After testing the Expression I was pleasantly surprised at how well this printer did. Being Epson's budget option it could have been poor, but instead performed excellently at text reproduction and about average on the image quality. The setup was quick and easy and the Wi-Fi connection seems to be solid wherever I put it in my house. Print time was average at 1 minute, 15 seconds, but the text quality more than made up for the speed. All of the text, even the photocopied text was legible and smooth.
The only downside is how small the ink cartridges are on this printer. I know ink is where companies make the most money, but replacing these tiny cartridges every few weeks or months will get old quick.
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Other printers we've tested
Not all the printers we test make it to the top table. Some of them are good, but don't quite make the grade, some are supplanted by a new version, and some are so bad we don't want you to even look at them. Here are some of the printers that nearly made it, or have been in the best list but replaced by different models.
The Sawgrass SG500 is purpose-built to print using sublimation ink and paper. It works great, too: You can print up a storm of artwork to put on T-shirts for the whole family. While this has a larger ink well than the Brother, the creaky feeling to the plastic and the extra hundreds of dollars it costs means it can't quite hit the top slot.
The Munbyn is good -- for a thermal printer. It printed quickly, and its labels were crisp and sharp with no issues reading barcodes. It fell down when trying to connect to the app. I found the app needed a lot of work and it failed to connect more times than it connected. If it can solve that, it should be a good printer. I'm currently testing the new version, so I'll keep you updated on how that goes.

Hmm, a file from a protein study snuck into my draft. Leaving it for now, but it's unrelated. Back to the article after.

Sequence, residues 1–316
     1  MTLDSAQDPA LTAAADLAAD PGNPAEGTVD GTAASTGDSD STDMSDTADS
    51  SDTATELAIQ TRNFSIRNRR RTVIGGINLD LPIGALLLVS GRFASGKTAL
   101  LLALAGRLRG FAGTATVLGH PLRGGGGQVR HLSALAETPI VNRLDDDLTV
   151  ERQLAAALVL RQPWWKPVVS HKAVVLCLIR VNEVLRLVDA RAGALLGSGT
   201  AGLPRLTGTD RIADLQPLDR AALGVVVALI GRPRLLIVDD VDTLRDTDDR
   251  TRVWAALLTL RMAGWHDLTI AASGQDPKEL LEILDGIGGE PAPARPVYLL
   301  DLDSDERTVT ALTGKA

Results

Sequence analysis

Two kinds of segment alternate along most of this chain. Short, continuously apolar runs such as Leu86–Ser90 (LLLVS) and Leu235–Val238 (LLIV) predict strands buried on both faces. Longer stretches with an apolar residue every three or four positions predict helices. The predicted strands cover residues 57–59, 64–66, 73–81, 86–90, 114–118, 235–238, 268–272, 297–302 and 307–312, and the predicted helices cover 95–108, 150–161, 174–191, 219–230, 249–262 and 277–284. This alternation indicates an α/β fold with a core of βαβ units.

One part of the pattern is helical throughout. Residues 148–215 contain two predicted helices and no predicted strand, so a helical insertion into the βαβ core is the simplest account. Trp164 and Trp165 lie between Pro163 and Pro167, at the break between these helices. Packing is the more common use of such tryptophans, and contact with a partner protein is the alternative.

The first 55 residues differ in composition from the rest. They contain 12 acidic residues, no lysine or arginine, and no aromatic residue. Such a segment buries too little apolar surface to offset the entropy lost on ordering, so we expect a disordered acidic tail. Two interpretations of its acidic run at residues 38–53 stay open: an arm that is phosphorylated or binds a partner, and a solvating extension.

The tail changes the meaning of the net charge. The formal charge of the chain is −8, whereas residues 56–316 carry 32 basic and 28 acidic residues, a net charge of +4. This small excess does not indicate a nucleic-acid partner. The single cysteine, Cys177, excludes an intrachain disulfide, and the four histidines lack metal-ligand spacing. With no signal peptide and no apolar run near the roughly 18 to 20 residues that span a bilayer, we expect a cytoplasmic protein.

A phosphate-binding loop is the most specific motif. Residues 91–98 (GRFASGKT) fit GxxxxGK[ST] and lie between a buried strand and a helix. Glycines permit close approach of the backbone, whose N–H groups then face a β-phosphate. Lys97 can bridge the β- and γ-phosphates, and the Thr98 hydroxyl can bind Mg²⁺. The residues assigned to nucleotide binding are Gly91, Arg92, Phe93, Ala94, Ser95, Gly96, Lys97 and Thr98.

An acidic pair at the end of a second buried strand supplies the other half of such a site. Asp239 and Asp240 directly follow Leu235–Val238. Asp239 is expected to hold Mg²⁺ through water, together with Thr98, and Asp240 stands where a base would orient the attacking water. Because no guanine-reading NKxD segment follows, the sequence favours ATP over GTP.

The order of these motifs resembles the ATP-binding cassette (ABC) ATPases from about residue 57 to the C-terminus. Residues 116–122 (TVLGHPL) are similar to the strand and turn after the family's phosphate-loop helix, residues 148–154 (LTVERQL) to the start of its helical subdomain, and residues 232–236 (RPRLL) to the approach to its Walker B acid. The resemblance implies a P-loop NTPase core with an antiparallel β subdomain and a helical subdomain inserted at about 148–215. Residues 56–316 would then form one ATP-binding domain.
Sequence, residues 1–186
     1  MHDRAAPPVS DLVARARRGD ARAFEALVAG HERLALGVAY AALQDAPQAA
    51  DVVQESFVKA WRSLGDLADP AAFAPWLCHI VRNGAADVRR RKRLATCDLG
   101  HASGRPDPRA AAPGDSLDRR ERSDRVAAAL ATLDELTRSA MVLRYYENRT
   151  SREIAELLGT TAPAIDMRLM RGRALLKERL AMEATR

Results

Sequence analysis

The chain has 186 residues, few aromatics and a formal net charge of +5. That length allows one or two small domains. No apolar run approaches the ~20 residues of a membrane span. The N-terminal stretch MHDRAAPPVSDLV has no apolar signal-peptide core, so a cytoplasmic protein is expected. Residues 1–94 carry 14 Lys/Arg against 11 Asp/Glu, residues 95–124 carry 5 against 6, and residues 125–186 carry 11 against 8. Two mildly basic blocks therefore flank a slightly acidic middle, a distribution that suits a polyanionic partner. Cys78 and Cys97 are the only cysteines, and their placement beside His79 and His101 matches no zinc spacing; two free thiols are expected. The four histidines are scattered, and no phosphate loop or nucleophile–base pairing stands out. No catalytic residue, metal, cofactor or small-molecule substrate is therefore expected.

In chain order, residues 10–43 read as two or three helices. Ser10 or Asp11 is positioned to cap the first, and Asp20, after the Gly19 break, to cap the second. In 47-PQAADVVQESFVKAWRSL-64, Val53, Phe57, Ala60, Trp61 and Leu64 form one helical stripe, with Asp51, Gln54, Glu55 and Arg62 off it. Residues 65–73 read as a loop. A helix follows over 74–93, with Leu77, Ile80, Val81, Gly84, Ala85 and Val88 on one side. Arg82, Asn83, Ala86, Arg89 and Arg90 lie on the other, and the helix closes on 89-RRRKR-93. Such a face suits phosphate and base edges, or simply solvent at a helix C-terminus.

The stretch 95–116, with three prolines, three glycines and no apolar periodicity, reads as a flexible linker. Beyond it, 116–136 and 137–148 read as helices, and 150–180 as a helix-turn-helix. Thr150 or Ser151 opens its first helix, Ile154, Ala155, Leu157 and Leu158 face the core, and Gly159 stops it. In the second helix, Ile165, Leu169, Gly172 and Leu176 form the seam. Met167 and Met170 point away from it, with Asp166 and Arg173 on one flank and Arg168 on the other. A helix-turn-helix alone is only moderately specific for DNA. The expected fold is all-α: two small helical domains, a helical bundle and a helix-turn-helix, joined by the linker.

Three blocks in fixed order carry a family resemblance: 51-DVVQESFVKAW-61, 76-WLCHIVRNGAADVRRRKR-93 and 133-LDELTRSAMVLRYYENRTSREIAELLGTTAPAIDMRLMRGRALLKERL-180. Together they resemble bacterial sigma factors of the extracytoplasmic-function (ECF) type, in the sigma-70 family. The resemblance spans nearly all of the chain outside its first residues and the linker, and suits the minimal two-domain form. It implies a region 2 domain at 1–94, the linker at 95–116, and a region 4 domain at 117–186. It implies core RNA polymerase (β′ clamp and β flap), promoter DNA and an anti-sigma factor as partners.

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Factors to consider when buying a printer
Know what you want your printer to do
What you intend to print will determine which is the best printer for you. If you're mostly working with shopping lists, concert tickets or travel itineraries, having excellent print quality is arguably less important than print speed and price. If you're using your printer for professional materials or photo printing, then color accuracy, printing quality and the inclusion of features like borderless printing will be primary considerations when you're looking for the right printer.
Another factor to consider is the cost of ink and ensuring you have enough ink to print everything you need. (There's nothing more frustrating than having a printer but no ink in the ink tank.) Inkjet printers use liquid ink to print, whereas laser printers use toner cartridges containing powder. So even if you're getting a great printer deal, just be sure to do some research into how you'll refill the ink, so you can choose the best printer for your overall budget. Some new printers include an ink subscription in their original price tag, so that may be something to consider as well.
How we test printers
For a long time, CNET's methodology for testing printers didn't change. Our original testing was designed in the days when Wi-Fi printers were rare, and faxing was an important consideration when choosing a device. These days, Wi-Fi is standard, app-controlled printers are everywhere, and what and how we print have changed considerably. I designed a new set of printing parameters in 2022 that I hope will mesh with how we use printers nowadays.